I am a multiculturalist. Before I pass from this big blue marble I want to have met every kind of person, tasted of every food and drink, and danced to every rhythm. I think different rocks! No one would argue that the Crayola box of 96 colors is better than the one with just 8, right? So why not the same with people?

    It's a non-choice globalist or multiculturalist. If anything I am both. You do need to- "learn to control our fear of difference in order to learn to understand and appreciate each other and what each has to offer" Exploring other cultures is great. Different does rock!

    But one of the things you realize after dancing to every rhythm, is how much the same we all are. We all eat, drink, shit and make whoopie. We raise kids, do our work, drive around, chase money, believe in God or not, and avoid death. The people of world, as much as we are different, have a lot in common.

    Maybe then we can lose the "fear of difference" and can be a much more tolerant person or society. Then we can appreciate each other and what we have to offer racially, internationally, culturally and person to person. It doesn't mean you have to like them, or not express preferences, or have strong opinions. Being tolerant means knowing that you really don't know shit and to just let other people(s) be.
     
  10. Wrey

    Wrey New Member

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    I think this is one of my new favorite phrases, honestly! :biggrin1:
     
  11. earllogjam

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    I like the Tossed Salad analogy of the American Experience -made up of a variety of ingredients all keeping their respective qualities and the dressing being the unifing element of American culture that gives the salad it's distinctive flavor. I think it is a more accruate analogy in that America is actually a conglomeration of cultures which for the most part are retained. We don't all boil down to the same goo even after several generations but we come to share a set of uniquely American values yet retain our heritage.
     
  12. Ascyltos

    Ascyltos Member

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    Being tolerant means knowing that you really don't know shit and to just let other people(s) be.
    Last edited by vince : 31 Minutes Ago at 06:38 PM.

    Vince, are you suggesting we should "tolerate" cultures that treat women and children as slaves - (or worse)? That imprison or execute those who fight for freedom of expression and freedom of speech? That deny individual property rights? That initiate force against innocents? That reject science and reason and basic human rights? That subordinate the individual to his race or class? Etc., etc.,

    Tolerance fuels tyranny.

    We are lucky. We have the freedom to debate. Try telling those who suffer around the world that we should "tolerate" they way they are living.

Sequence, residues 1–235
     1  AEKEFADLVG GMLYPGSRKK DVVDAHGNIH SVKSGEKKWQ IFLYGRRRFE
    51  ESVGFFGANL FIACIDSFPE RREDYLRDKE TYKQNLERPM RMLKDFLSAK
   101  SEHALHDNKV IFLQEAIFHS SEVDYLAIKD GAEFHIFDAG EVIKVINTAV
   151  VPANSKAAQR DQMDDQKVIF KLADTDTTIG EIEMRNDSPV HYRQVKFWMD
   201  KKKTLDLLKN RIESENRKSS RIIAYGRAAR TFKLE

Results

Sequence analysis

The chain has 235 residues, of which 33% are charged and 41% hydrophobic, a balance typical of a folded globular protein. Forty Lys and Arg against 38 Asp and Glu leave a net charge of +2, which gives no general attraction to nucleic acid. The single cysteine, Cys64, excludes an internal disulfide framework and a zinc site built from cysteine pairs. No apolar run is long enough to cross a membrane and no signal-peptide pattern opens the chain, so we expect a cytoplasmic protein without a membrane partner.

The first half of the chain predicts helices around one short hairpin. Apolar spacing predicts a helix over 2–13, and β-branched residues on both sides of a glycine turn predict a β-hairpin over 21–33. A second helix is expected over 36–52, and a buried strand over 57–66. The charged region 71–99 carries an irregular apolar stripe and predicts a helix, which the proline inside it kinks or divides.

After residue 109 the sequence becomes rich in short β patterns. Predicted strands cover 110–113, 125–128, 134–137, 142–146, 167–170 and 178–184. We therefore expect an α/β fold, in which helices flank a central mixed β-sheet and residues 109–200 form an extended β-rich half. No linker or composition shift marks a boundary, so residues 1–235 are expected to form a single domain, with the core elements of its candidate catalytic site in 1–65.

13. Wrey

    Wrey New Member

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    I am genuinely in love with the fact that nearly everyone who has responded to my thread has taken a moderate, middle of the road viewpoint.

    My childhood was one in which I had to learn the very important lessons that globalism teaches early on. I was raised literally around the world, never living in one place longer than four years. If I had not come to terms with the idea that there are some very basic underlying commonalities between us all, I would have suffered from cultural motion sickness my entire childhood. As an adult I never questioned the idea that a Maasai mother loves her child the same as a mother in Tunguska. I never thought twice that a rice farmer in Thailand worries about his crops in the same way as a wheat farmer in England. These things, to me, were obvious truths which did not need explaining.

    The recent bout of intolerance on the site forced me to take a new look at myself as a multiculturalist. I had adopted a somewhat prideful attitude about how accepting and tolerant I am.

    I was wrong.

    I realized after some of my own heated reactions to things said on the site that I in fact was intolerant of intolerance. Some good friends (SpoiledPrincess, Think Kink, Sedated, Monster, Hung Muscle and many more) held that proverbial mirror up to my face and showed me that there was a small, dank corner of my mind where fear of the unknown still held dominion.

    As I said in an earlier reply, globalism and multiculturalism are not opposing schools. They have the same goal, to eliminate ethnocentrism.

    Thanks to the many who talked me through my anger at some individuals. Thanks to the many who have shown me that there are people who do truly think in this world today and that they are as much enamored of our similarities as of our differences.
     
  14. Wrey

    Wrey New Member

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    I dislike that you are taking this thread rather off topic.

    I accept and tolerate your right to explore this facet of the human condition.
     
  15. Ascyltos

    Ascyltos Member

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    How am I taking this thread off-topic?

    I was addressing the fundamentals of multiculturalism and the danger of regarding all cultures as morally equivalent.

    I don't understand your last sentence.

    I'm moving on now, anyway.
     
  16. Wrey

    Wrey New Member

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    Go in peace.
     
  17. SpeedoGuy

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    Is it cultures that practice repression or is it governments?

    Are you suggeting general intolerance fuels freedom?

    Lucky? No. Freedom to debate wasn't just handed to us. We earned that right. The US and other democratic nations have fought to preserve freedom a number of times.
     
  18. Wrey

    Wrey New Member

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    Beautifully stated, thanks for getting the thread back on topic. :wink:
     
  19. B_Swimming Lad

    B_Swimming Lad New Member

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    Maybe I didn't read it very well, but I think I'm too thick to understand this thread... There r some very heavy issues going on here!
    :confused:
     
  20. B_All4show

    B_All4show New Member

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    NIC,

    That is a great elitist definition of they way they see the world. I would love to believe in that Pollyanna, but I also believe there is evil in this world and with Liberal leaders believing the way you do, your beliefs will continue to hamstring this great nation.